4) The international block is only for the type of service exceeded, which in my case turned out to be international roaming DATA (although not spelled out in the warning/block texts).  Thus, my international CALLs and TEXTs are not to be blocked (this answer was the opposite of T-Mobile's regular tech support).

                    5) Although WiFi calling definitely helps with respect to maintaining 50%+ compliance with calling and text limits, using WiFi DATA can actually hurt since this doesn't go through T-Mobile's network and is therefore NOT counted towards domestic data usage!  Thus, if you're using ANY international data, be sure to use at least that much domestic cellular data through T-Mobile, when available, rather than WiFi.  This, in particular, is difficult to set up automatically on my Android 7 phone (and I've not yet succeeded).

                    6) The block should be automatically lifted once the account reaches compliance, and a corresponding text message to that effect should be received.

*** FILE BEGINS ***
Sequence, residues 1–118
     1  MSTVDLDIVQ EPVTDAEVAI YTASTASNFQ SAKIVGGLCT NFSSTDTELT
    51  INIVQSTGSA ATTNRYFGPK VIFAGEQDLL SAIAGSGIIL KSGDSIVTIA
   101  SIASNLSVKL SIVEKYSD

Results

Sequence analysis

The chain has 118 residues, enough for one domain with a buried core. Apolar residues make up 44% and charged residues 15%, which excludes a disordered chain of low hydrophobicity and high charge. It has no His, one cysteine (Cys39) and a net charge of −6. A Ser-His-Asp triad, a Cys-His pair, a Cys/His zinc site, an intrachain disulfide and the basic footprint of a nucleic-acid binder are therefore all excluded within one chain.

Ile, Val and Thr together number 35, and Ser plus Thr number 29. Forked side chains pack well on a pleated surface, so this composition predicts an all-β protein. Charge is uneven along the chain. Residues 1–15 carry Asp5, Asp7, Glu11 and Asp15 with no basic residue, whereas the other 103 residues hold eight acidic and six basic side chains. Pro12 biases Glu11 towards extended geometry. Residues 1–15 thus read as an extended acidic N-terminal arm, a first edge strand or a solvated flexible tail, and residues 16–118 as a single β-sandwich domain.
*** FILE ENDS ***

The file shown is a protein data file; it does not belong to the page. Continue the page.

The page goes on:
Although my account issue was DATA, I learned a bit about CALLs/TEXTs before I realized that. 

                    5) If a WiFi call is 99% on WiFi but roams at all on any other carrier's domestic (e.g., US AT&T) cellular tower, it's counted as a "Roaming, Wi-Fi call" and counts in full towards (domestic) roaming but not towards either domestic usage or international roaming.

                    6) If a WiFi call is 99% on WiFi but roams at all on any other carrier's international cellular tower, it's counted as a "Roaming, Wi-Fi call" and counts in full towards international roaming!

                    7) If a WiFi call is 100% on WiFi but uses a non-US IP address, it MAY be counted as a "Roaming, Wi-Fi call" and count in full towards international roaming percentage.  Thus, using a VPN set to Auto or Fastest mode that may connect to Canadian servers results in "Roaming, Wi-Fi call", which counts towards the international roaming percentage.

                     

                    Hope this helps.